It is not unusual for beliefs to come into conflict with one another, so that we find it difficult to hold on to both of them because they are in some way inconsistent. By nature, we view inconsistency as something undesirable: in the face of a recognized inconsistency of two beliefs, it is hard to hold on to both. Likewise, when a new belief enters into the web – when we learn something from our experience of the world – this new belief is both interpreted and judged in light of all the other things we know, with the impact of each of these things being proportional to its place in the hierarchy.
For example, let’s say I encounter what appears to be a unicorn. On the one hand, I see a unicorn – a horse-like creature with a long twisted horn coming out of its head. On the other hand, I know, with a high level of certainty, that there are no such things as unicorns. The two beliefs – that that is a unicorn, and that it cannot be a unicorn – are inconsistent, and this inconsistency puts pressure on me to resolve it. How I resolve it, or even whether I do, is open and depends upon a whole network of other beliefs, concerns and contextual facts. I might conclude that someone must be putting me on and has attached a horn to a white horse’s head. I might consider the possibility that I am hallucinating. I might conclude that I was mistaken, and there apparently really are unicorns. And I also might just learn to live with the inconsistency as a mystery that I do not know how to resolve. I will thus continue to believe that there is no such thing as unicorns and at the same time accept that, miraculously, I encountered one.
3. Religious Belief
The justification of religious belief must be understood in the same light. For most religious people, the question of God’s existence never comes up as a real question. Their belief in God is close enough to the center of their network of beliefs that they are not in danger of real doubt. Rather, it is part of who they are and they interpret and accept other beliefs in accordance with it. Things that might challenge this belief – the problem of evil, say, or a deterministic scientific worldview – simply do not do so. Either one of the other beliefs gives way, or it receives another interpretation, or those who hold these beliefs simply live with the unresolved inconsistency. People’s ability to live with such questions does not necessarily mean that they are shallow or have not thought deeply about these things. It merely reflects the fact that unanswered questions are not necessarily unbearable: there is no irrationality in admitting that you do not know how two beliefs fit together yet your conviction of the truth of both of them is stronger than the drive to resolve the inconsistency. The insistence on consistency as the ultimate intellectual value is nothing but a kind of hubris, in which a human intellectual value becomes the measure of all things.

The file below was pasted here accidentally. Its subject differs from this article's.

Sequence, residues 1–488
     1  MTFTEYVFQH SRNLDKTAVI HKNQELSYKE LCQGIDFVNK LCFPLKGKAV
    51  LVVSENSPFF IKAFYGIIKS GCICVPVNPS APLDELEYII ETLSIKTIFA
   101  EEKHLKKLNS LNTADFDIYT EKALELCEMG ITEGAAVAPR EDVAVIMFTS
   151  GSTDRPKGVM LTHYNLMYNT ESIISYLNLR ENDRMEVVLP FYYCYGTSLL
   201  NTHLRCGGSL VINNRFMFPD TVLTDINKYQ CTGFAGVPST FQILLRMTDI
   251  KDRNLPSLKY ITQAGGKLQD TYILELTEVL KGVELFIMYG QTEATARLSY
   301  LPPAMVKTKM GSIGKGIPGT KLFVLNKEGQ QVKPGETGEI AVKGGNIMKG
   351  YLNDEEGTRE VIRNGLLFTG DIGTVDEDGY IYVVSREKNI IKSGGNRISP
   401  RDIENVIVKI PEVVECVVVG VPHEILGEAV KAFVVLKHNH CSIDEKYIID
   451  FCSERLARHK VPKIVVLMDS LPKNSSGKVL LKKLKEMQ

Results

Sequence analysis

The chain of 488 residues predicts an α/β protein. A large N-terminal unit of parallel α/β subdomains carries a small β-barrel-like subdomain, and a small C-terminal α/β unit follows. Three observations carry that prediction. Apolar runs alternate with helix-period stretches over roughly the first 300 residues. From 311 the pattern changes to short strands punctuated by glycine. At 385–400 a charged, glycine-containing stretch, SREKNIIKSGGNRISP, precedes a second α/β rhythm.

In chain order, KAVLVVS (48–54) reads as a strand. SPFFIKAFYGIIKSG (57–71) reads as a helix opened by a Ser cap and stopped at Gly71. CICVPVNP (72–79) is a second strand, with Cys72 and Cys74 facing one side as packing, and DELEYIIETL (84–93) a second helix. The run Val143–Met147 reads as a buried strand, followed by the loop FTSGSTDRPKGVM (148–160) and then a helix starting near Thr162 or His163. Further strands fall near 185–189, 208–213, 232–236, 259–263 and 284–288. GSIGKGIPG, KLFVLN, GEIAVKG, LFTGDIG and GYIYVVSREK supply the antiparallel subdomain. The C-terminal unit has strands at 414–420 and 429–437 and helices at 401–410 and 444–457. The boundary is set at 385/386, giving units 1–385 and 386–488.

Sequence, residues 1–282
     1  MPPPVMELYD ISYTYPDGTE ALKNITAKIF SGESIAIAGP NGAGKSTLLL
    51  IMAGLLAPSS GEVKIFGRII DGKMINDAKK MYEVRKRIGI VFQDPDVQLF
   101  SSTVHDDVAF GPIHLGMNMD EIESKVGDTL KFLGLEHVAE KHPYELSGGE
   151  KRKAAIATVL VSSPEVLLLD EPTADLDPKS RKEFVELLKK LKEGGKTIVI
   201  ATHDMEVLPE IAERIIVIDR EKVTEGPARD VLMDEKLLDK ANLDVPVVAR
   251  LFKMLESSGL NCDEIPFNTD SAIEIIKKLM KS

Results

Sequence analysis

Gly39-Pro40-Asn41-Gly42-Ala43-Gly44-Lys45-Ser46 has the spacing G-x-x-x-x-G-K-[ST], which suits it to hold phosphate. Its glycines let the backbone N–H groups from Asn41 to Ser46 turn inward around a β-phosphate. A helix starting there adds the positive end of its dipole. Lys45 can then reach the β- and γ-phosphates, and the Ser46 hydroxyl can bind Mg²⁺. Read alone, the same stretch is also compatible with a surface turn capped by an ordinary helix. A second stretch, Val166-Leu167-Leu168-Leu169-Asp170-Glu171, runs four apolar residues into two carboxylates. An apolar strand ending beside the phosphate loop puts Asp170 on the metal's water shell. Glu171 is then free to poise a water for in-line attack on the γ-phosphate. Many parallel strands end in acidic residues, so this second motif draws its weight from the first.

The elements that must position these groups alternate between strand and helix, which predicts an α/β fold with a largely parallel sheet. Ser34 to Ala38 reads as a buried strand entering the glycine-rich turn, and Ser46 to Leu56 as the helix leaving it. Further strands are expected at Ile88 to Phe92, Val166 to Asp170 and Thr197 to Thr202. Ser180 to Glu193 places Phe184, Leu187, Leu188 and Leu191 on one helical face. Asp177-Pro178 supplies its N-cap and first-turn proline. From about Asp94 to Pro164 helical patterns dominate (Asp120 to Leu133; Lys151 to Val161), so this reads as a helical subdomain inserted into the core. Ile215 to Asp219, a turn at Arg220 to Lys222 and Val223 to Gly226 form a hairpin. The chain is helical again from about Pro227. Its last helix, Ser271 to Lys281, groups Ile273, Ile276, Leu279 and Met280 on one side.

That is not to say that there are not people for whom religious doubt and uncertainty are real concerns. Many struggle with their faith and find their belief in God threatened by other things they believe, by ways that they act, not to mention by the ways that those who surround them think and act. I do not think that there is some sort of magical solution to this problem, some overwhelming argument or experience that would once and for all remove the possibility of doubt. The Torah’s description of how the children of Israel, who experienced both the Exodus and the revelation at Sinai, came to doubt the presence of God in their midst, to the degree that they made the Golden Calf, is perhaps the ultimate evidence of this. Nonetheless, there certainly have been times and places in which doubt was much more difficult or unlikely. This stands in contrast to the situation in which most of us find ourselves, living in a context in which many people do not even profess to believe and even more behave in ways that do not reflect a consciousness of a living God who cares about how we act.
In this context, as I mentioned in the previous shiur, strengthening one’s conviction about something basic to one’s orientation to the world is probably not going to be accomplished through the gathering of evidence. Any potential evidence gathered will probably be open to interpretation in ways that preclude it being effective as evidence. Strengthening one’s faith, if one is motivated to do so, is probably better accomplished through involvement in the religious activities like Torah study and prayer, and especially through contact with those special individuals whose relationship with God and commitment to Him is a beacon for us all.
What about agnostics and atheists? For the former, belief in God is outside the periphery of their network of beliefs. The latter actually have the denial of God (chas ve-shalom) as part of their network of beliefs. I do not really have a lot to say to such people about God. Any evidence that I could offer them will probably be rejected in favor of stronger beliefs that they hold or reinterpreted so as not to be evidence at all. Such people may be candidates for kiruv but probably not for argument. Their existence, though, does not need to pose a threat to the secure religious believer.